Every June in the booming “Hipster-Ville” of Brooklyn, New York, an innovative 5-day event called Northside Festival takes place exploring the latest advances in tech, marketing, music, content, politics, etc. (the list goes on and on…). Some even call it the South by Southwest of NYC. Havas People New York had the chance to attend some of the talks, keynotes and networking events throughout the week to learn about emerging tech and media innovations that we could use to improve upon and grow our services. In this 3-part blog series, we’ll summarize the most beneficial takeaways in talent marketing and today’s job market.
First up – a discussion entitled “Tech Policy and Shaping the Workforce of the Future,” featuring speakers from Airbnb, Tech.NYC and Perkins Coie. In a world where freelancers and contract workers are the thriving power of our workforce (35% of U.S. workers*) we have to question what affect this will have on company structures, recruitment practices and our job market. Many employer brands are built with emphasis of growing with a company long-term; steady benefits, corporate community and career development are all pretty big sells. But we have to acknowledge that soon these key values behind an employer brand will change. Organizations will have to update their brand pillars and values to reflect what this new, independent workforce wants: Flexibility, remote opportunities, progressive restructuring etc. These workers will be looking for jobs with companies that are reputable and unified, but still sustainable for short-term or part-time employees.
So what does this freelance-sustaining company look like exactly? For one, their benefits will be portable – imagine a plan tied directly to an employee, NOT their employer. The company will most likely be tied to a modernized union that can bargain and provide new forms of training, wages and working condition laws – if you’ve never heard of Freelancers Union, definitely give their site a quick skim-through. And the trend of freelance-recruitment platforms and co-working spaces will adjust to have stronger partnerships with companies who need to staff and manage their independent workforce. Some are already ahead of the curve, with companies like Spotify and Microsoft renting out space at WeWork offices for certain teams and contingent workers.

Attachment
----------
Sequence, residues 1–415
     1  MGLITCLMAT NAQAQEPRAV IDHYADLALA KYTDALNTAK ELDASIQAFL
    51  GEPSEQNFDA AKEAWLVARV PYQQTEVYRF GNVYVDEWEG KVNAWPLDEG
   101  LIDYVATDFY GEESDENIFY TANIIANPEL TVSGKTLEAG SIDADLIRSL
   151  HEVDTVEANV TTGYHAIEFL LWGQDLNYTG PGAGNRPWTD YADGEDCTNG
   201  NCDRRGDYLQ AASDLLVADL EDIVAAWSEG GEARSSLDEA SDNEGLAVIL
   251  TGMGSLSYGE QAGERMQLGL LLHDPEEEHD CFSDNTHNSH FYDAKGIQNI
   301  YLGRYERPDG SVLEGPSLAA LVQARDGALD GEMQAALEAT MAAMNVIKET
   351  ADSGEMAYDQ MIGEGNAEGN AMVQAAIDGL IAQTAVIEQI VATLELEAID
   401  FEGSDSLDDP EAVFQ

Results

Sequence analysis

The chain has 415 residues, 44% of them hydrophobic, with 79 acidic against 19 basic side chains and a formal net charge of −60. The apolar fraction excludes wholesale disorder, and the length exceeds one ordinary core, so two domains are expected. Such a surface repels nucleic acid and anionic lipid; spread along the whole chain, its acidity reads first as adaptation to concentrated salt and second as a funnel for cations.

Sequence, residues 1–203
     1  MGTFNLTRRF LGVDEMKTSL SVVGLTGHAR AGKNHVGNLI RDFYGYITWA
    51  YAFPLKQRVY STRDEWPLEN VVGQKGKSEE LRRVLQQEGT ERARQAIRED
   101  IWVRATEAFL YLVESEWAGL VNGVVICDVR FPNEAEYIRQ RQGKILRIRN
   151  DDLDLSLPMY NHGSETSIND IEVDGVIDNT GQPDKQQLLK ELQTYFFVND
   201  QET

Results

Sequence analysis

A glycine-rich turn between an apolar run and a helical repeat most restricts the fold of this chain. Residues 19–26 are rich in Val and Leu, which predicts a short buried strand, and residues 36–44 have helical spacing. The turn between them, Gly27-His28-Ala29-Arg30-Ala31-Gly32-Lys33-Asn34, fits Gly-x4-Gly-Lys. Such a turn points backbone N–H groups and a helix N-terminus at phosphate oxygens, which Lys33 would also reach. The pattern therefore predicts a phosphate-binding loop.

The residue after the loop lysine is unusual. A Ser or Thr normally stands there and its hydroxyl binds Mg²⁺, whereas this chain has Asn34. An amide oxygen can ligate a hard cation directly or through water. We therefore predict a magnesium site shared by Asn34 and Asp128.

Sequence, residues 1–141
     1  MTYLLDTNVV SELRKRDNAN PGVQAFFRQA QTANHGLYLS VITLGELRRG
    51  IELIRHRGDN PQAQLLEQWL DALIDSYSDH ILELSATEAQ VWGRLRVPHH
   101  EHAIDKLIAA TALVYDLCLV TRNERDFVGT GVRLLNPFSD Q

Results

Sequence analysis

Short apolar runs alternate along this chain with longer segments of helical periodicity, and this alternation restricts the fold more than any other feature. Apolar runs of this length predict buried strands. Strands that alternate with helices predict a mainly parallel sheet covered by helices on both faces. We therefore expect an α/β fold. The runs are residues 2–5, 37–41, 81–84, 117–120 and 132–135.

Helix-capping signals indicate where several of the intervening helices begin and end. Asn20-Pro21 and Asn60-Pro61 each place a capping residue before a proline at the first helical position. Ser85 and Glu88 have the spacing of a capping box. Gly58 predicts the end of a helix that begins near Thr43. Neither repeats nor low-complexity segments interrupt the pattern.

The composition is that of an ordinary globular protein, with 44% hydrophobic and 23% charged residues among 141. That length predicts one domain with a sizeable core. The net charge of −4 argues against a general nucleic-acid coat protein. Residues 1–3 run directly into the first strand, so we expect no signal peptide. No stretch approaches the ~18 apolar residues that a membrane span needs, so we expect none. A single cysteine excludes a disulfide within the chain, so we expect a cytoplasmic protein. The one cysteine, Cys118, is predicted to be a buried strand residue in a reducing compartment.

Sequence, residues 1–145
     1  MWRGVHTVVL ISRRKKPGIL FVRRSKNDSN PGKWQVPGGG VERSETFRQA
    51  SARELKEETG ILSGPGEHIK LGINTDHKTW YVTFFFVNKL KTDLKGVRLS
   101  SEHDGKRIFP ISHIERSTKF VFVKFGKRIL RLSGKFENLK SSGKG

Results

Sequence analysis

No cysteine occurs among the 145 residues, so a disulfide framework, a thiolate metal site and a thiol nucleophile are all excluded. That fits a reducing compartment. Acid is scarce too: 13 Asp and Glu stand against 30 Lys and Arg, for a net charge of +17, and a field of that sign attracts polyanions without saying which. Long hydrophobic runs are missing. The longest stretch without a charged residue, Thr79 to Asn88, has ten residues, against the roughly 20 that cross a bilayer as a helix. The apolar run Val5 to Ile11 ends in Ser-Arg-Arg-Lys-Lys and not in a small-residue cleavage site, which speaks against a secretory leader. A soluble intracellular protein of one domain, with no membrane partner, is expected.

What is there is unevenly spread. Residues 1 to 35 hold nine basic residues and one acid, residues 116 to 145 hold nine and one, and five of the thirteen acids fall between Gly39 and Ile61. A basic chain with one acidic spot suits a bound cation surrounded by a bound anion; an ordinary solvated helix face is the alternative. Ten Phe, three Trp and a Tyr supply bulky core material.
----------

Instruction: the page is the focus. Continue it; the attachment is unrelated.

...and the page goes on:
Companies won’t be the only ones who have to adapt, so let’s shift gears to focus on these freelance workers a bit. Another talk at the festival featured Kathryn Minshew, co-founder of The Muse and author of The New Rules of Work – a highly recommended read to help you navigate your profession in this ever-changing job market. The weird truth is that traditional “career paths” and planning will die out and people will have the autonomy to pursue temporary jobs focused on skill development. Minshew, however, says there is one part of work that won’t be changing anytime soon… networking. For the first year of The Muse’s life, she says she would do 5 to 8 networking events a week. These events and talent-matching platforms (i.e. Contently) will be the key to success for any freelancer in this economy.
Don’t fret just yet though… the rise of the freelancer is a slow and steady train that is gaining momentum, but still has a long journey ahead. In the next several years, companies should consider revising their brands and policies to be freelance-friendly, and workers should be aware of the benefits of how their roles could become contingent in the future. The freelance boom is coming. It’s coming to liberate all of the creators, disrupters, designers, and go-getters. Get excited, and get ready.
Kelsey Lyon, Account Executive
* Freelancing in America: 2016 survey, released by Freelancers Union in October 2016.
Late last week I started to see a number of tweets and posts from “prominent” sports journalists lamenting another round of layoffs at a major sports entertainment company. These layoffs affected everyone from longstanding on-air talent, to new, emerging data whizzes, and the support staff behind the scenes who make everything possible.
In total, something like 100+ people were let go. A big chunk in an ever-shrinking industry. The company doing the layoffs hasn’t always had the best reputation as an employer and certainly was catching backlash for this most recent cost-cutting manoeuvre. And that’s worth mentioning because what I saw in the posts from the actual ex-employees was rather impressive. Sure a few folks took the opportunity to stick it to their old employer, but the majority were actually very sincere about the time they spent there, the work they did, and most frequently the people they worked with.
Many of these people are obviously media trained and would never publish something that could jeopardise their career, but the amount of honest love for their colleagues whom they wouldn’t share an “office” with anymore was really astounding.
For all the faults of their former company, the people who were and are still employees built something important there. What they built was a community of coworkers who grew into a family. It’s because of that familial feeling that I wasn’t reading a bunch of nasty gossip or negativity about the company. I was reading and hearing genuine positivity that even in light of layoffs put the company in question in a fairly good light.
The reality of business is there are times where costs are going to be cut or hard calls have to be made. If we can cultivate a culture of togetherness and camaraderie those tough decisions won’t be any easier to make, but those individuals who do move on will hopefully do so with positive memories and impressions of their time.
Tim Middleton, Agency Director